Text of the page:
pile … “mortar maids.”
Lunch at the compound today was a ground beef mixture with noodles, salad, cantaloupe, and bread, all of it very good, and most of us were quite hungry after our morning. After lunch, we had a little time to spend with our amigos and amigas. All week, we have commented that our Mexican
friends were a “tough crowd” to “play to,” so we have been working hard to get them to loosen up and laugh at our jokes and antics. (Colleen thought this was because we are one of the first groups of the summer.) Today, I think we finally broke the ice. In the past few years, we have made some bracelets with beads, crosses, and starfish, so we started by handing out those to all our amigas, and they seemed to like those. Still, I know you are waiting to find out how Elise’s hair appointment went today. Wendy bumped Elise off the schedule, and instead she did the volunteer Vicky’s hair! (Vicky and Colleen are both coming to dinner with us tonight, so because Vicky had an event to attend, Elise’s appointment was canceled. As Vicky was getting her hair braided, she talked about how long her hair used to be, causing Elise to recall the time the bees got in her very long hair. (Doris Estes will probably remember this event, too.) At any rate, Elise gave a dramatic and very animated retelling of that episode, complete with sound effects and motions, and Vicky translated the entire story for all the Mexican volunteers, and she did all that while Wendy finished the braid!
As we left the colonia this afternoon, we noticed for the first time that The Lord’s Prayer had been painted on a wall … and because we have been saying The Lord’s Prayer in Spanish all week, we were able to recognize those words instantly. Also, our “border crossing” odds have definitely been in our favor so far this week; we arrived at the gate at 2:00 again today, and guess who was our agent? Officer Munoz, and he had just begun his shift. Once again, he was so pleasant and interested in our mission this week. (He even asked us if we were using the new block which protects the residents from heat, but we replied, “ Not yet.”) Do you think our excellent border odds will continue, so we can make it four days in a row? Stay tuned tomorrow to find out.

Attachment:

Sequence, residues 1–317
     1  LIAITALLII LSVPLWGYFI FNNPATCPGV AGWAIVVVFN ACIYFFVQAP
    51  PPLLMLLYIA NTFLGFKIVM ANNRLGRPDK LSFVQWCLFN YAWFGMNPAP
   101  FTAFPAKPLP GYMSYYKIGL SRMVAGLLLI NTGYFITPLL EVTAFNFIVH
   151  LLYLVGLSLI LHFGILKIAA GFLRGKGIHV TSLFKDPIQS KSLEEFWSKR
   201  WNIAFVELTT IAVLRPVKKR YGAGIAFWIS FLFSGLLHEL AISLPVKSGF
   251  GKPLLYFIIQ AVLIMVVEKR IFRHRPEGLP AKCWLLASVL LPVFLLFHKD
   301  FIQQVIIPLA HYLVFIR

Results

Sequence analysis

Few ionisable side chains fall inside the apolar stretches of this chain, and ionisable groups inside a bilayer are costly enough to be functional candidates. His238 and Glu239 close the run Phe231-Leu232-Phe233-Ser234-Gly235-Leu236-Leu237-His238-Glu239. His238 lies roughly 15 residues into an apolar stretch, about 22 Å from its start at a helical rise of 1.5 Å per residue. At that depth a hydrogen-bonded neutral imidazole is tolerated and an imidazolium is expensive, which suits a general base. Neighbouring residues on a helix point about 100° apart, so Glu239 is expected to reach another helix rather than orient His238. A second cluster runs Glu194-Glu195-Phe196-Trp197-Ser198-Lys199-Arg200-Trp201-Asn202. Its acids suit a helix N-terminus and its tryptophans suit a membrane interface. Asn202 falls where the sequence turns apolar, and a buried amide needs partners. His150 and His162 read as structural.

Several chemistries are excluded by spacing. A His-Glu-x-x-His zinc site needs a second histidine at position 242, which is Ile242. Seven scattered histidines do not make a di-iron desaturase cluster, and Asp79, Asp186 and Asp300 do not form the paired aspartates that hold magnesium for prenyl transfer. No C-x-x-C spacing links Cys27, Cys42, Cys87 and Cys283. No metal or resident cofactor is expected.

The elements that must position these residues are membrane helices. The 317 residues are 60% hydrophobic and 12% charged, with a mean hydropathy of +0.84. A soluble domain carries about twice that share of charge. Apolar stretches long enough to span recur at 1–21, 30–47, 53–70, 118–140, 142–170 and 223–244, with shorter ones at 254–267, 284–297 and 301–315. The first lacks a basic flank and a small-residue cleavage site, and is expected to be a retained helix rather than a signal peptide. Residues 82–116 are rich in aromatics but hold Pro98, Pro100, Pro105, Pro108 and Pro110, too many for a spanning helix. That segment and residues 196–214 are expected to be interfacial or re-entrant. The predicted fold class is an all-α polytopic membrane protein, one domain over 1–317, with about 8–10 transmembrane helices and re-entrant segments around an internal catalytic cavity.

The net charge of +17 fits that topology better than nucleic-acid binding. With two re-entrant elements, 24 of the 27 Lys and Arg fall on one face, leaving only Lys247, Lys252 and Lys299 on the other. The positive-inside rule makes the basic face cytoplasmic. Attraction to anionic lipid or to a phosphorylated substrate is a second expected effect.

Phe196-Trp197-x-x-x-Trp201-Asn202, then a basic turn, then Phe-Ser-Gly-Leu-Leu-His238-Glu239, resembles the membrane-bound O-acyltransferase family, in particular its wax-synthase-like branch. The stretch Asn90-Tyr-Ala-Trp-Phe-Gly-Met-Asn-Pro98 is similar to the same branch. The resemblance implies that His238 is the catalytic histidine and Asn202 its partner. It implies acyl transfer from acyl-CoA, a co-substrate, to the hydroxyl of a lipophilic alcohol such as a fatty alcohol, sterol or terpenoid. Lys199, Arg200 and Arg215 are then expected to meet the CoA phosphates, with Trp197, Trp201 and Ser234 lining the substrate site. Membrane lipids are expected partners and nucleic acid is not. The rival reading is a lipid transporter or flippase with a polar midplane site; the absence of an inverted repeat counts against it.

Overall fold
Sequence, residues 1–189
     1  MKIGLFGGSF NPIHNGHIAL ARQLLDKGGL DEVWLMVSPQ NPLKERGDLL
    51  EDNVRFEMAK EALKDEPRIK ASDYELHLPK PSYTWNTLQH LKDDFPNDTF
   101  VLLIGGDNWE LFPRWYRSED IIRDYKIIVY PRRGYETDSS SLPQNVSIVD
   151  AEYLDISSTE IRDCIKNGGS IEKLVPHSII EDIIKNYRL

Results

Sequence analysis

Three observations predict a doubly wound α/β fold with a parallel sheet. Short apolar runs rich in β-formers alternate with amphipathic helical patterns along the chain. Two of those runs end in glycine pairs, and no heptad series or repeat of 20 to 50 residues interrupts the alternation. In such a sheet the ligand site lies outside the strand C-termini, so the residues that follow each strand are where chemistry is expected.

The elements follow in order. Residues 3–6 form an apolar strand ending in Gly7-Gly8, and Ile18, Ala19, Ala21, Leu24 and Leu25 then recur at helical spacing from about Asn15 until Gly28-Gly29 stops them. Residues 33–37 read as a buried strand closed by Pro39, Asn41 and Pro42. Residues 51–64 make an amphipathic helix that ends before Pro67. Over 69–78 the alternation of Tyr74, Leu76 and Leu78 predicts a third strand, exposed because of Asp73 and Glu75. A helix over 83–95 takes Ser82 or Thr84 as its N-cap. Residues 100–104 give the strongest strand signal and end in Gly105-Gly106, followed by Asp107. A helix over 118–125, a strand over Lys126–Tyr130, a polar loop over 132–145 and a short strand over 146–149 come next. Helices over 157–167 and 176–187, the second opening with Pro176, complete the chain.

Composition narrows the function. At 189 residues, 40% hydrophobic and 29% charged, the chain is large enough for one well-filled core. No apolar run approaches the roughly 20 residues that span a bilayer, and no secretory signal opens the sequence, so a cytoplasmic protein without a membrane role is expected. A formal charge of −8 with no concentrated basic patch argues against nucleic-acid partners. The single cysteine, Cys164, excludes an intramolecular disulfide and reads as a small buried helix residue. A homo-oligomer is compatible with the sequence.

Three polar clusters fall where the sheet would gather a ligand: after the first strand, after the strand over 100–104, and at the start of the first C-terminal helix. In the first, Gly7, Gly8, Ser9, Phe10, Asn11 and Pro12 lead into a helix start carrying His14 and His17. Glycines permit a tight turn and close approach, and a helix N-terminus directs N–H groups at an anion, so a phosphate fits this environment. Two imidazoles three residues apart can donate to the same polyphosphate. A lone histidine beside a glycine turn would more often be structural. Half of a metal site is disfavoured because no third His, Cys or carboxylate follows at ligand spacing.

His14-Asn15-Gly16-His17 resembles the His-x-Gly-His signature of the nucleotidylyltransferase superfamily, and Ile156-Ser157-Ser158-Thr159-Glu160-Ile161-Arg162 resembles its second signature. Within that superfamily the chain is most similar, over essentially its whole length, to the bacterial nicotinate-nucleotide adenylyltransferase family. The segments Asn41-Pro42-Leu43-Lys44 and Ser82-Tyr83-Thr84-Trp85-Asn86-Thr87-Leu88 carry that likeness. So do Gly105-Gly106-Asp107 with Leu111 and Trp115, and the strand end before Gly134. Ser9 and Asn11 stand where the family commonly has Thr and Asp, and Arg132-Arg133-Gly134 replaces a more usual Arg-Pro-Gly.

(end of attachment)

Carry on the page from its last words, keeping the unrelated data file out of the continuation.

While we have been working across the border, the two Diane’s have lots to do “back home.” Today, with a couple of ladies from the church, Diane and Diane packed the gift bags for the Faith Ministry staff we have been working with every day. It has become our custom to buy some food staples to gift them with, so when we grocery shopped on Sunday, we went ahead and purchased flour, sugar, corn meal, salt, tomato paste, noodles, beans, and oil. Tomorrow we will take those across the border with us and leave them to be delivered on Friday afternoon.
Tonight is the night we go out to eat with our mission trip friends, so both Colleen and Vicky have come to Weslaco to join us for dinner, as well as to spend the night with us. We have also invited Pastor McCann and his family, David and Nancy Rodriguez, and Carolyn and Charles Bell. It is just a small way to thank those who have worked so hard to make our mission trip a real opportunity for us to serve others and the Lord. We all enjoyed an evening of good food and fellowship, and the Athens FPC Potter’s Hand provided a few gifts as a way to show our appreciation.
A few of us are still finishing up our nighttime task, but we will soon all be in bed, as 5:00 comes early. Thank you again for giving us the opportunity to serve the Lord in Mexico and in Texas. We are so grateful for this mission and the good it is doing.
Until tomorrow then … Your pen pal in the Rio Grande Valley … Randi